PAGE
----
Since then, volunteers have made roughly 45 letters to spell out anything at short notice. The leaders of the initiative — Ginny Reed and Dearborn — scan the news and consider the number of volunteers to determine what word to hold up. On a typical night, the word of the night is unveiled when volunteers arrive at the White House.
One of the most memorable nights was when activists gathered for the “Close the Camps” protest. An energized crowd of protestors held up signs in the pouring rain in early July. The lighted letters also travel to other protests, including monthly vigils at the headquarters of the National Rifle Association.
Organizers expect to hold up the lighted letters every Saturday night so long as the Kremlin Annex protests continue.
Photo via Herndon-Reston Indivisible
Local activist group Herndon-Reston Indivisible has planned an “issues fair” as part of its public meeting Tuesday.
According to information provided by the group:
Herndon-Reston Indivisible is hosting an Issues Fair to give current and prospective volunteers the opportunity to explore the more than 10 groups that exist within Herndon-Reston Indivisible that are focused on following and taking action on specific issues (for example, healthcare, science & the environment). Attendees can find out what these groups have been doing, what they are planning for the future, and how to can get involved.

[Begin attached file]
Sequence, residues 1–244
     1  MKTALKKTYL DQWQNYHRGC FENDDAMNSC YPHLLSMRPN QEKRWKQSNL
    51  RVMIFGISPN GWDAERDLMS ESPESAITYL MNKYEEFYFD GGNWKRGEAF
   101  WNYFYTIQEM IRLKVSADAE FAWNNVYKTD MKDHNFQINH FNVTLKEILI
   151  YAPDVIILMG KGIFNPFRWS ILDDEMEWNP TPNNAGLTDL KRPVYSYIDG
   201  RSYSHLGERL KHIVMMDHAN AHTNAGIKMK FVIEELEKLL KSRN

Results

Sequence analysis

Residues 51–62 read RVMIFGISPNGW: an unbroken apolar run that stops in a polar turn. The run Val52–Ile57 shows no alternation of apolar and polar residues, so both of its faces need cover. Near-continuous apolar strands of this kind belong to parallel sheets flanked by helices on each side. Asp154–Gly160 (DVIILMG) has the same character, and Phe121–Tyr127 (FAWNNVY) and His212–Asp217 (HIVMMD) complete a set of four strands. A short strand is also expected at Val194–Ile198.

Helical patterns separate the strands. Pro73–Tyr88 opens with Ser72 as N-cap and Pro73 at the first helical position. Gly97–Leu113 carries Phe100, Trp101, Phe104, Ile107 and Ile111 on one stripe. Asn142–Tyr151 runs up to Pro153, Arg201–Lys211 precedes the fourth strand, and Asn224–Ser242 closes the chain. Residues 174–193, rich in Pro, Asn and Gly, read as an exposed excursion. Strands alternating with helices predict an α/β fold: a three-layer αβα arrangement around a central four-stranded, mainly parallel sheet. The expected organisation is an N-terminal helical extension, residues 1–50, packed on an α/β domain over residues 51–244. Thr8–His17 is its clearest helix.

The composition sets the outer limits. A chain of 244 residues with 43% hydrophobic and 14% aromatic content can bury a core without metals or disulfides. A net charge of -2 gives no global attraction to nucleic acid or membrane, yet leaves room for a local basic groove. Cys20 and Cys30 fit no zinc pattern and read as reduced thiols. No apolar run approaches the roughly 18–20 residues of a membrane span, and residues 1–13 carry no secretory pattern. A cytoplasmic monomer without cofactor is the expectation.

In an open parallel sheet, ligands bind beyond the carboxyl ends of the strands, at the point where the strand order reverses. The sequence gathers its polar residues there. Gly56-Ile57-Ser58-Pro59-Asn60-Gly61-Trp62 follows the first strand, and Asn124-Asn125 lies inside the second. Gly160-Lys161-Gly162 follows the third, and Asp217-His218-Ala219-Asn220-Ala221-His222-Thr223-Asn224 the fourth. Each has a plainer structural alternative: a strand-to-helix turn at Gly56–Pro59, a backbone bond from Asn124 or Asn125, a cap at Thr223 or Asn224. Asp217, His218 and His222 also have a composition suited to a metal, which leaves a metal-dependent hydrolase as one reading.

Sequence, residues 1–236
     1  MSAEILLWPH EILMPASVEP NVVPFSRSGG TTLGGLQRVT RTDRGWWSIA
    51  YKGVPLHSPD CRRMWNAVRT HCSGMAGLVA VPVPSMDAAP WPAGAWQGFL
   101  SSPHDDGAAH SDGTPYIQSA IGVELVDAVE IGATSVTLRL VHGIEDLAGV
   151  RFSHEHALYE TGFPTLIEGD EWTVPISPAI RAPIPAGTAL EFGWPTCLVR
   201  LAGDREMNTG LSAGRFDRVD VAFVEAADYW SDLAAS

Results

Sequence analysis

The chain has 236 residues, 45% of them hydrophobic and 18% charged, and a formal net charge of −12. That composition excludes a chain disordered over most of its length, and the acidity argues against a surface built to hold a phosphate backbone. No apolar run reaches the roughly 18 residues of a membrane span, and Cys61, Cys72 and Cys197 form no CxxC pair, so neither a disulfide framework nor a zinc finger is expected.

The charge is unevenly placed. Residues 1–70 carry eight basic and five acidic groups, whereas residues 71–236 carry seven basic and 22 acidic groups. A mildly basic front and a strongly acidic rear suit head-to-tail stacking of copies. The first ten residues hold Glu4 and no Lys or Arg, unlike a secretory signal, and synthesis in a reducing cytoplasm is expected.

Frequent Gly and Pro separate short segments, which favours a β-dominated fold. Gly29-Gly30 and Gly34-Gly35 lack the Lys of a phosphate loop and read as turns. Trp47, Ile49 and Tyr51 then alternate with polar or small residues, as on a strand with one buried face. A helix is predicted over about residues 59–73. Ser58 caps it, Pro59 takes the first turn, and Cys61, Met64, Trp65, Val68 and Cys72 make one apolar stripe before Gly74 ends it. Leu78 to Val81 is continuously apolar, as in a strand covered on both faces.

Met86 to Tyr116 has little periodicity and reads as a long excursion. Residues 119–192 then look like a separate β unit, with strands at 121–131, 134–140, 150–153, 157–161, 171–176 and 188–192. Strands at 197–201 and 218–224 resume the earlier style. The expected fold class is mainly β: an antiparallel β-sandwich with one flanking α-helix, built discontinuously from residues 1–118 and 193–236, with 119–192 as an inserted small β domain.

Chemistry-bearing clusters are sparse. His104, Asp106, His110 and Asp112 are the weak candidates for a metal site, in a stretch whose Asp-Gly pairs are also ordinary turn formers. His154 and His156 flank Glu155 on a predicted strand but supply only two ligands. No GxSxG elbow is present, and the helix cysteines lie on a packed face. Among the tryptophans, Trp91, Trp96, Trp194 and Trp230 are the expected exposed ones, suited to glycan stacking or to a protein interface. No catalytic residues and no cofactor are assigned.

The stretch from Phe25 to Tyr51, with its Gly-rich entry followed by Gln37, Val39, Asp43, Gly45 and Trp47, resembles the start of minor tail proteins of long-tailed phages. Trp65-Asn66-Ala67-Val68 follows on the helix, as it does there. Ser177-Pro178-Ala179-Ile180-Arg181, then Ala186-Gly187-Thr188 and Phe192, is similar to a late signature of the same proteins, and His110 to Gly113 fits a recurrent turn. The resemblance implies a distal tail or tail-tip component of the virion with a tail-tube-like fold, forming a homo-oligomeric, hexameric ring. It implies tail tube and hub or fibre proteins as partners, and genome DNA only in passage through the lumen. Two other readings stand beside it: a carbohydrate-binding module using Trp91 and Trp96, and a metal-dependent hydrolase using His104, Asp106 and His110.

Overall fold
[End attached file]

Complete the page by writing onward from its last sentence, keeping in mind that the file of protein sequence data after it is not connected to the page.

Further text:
According to the organization’s summer newsletter, HRI’s issues groups include the Russian Influence group, the Informed Public group, the Immigration Issues group, the Election Issues group, the Economy Issues group, and the Science and Environment group.
The meeting and fair will take place at 6:30 p.m. Tuesday at Sunset Hills Montessori School (11180 Ridge Heights Road). Snacks and soft drinks will be provided.
Herndon-Reston Indivisible describes itself as “a local organization of like-minded citizens who are resisting the Trump administration and his hateful policies.” The group has had several hundred people attend past meetings.
Lieutenant Governor in Reston Tonight — Ralph Northam, Virginia’s lieutenant governor and a Democratic candidate for governor in the 2017 election, will be a guest speaker tonight at a meeting of Herndon-Reston Indivisible. Other speakers will be Del. Ken Plum (D-Fairfax) and Del. Jennifer Boysko (D-Fairfax/Loudoun). The meeting will start at 6:30 p.m. at Sunset Hills Montessori School (11180 Ridge Heights Road). [Herndon-Reston Indivisible]
Bulova: ‘Painful Cuts’ in Proposed Federal Budget — The chair of the Fairfax County Board of Supervisors says she is hopeful the local congressional delegation will address what she sees as a number of problems with the Trump administration’s budget proposal, unveiled last week. [Sharon Bulova/Facebook]
Arrests Made in Chantilly Gun Store Heist — Two 23-year-old men and a 19-year-old man have been arrested in connection with the theft of 35 guns from a Chantilly store earlier this month. The men are also charged in the theft of firearms from two shops in Fredericksburg. They each face up to 10 years in prison. [U.S. Department of Justice]